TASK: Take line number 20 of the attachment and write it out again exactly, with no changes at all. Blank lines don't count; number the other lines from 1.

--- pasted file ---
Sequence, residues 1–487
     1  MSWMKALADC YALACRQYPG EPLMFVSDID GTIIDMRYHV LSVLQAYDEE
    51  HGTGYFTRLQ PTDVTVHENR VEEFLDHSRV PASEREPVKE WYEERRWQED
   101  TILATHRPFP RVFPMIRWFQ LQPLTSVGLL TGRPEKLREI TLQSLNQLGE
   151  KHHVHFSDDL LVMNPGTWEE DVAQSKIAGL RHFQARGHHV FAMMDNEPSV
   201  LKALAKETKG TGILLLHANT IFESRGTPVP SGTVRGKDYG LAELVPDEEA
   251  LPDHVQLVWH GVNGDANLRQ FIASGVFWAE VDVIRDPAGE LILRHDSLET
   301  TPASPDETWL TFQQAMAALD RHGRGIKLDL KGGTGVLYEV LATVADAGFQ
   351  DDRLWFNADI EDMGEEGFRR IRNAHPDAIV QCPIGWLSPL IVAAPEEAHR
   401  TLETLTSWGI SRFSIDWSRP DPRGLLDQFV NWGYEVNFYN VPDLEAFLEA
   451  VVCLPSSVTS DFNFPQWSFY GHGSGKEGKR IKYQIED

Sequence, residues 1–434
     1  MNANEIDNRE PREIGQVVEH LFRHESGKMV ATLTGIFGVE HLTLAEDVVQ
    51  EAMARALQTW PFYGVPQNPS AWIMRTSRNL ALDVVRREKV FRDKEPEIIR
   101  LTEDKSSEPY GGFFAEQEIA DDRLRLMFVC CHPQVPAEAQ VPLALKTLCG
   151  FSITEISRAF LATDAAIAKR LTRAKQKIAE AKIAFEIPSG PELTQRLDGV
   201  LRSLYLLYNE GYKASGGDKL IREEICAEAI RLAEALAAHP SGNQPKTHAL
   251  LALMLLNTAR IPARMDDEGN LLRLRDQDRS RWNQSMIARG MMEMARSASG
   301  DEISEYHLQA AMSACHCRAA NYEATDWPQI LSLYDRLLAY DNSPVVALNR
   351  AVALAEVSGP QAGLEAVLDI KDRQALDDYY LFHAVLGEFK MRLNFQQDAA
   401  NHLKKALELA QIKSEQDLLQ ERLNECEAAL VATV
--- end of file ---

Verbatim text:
   351  AVALAEVSGP QAGLEAVLDI KDRQALDDYY LFHAVLGEFK MRLNFQQDAA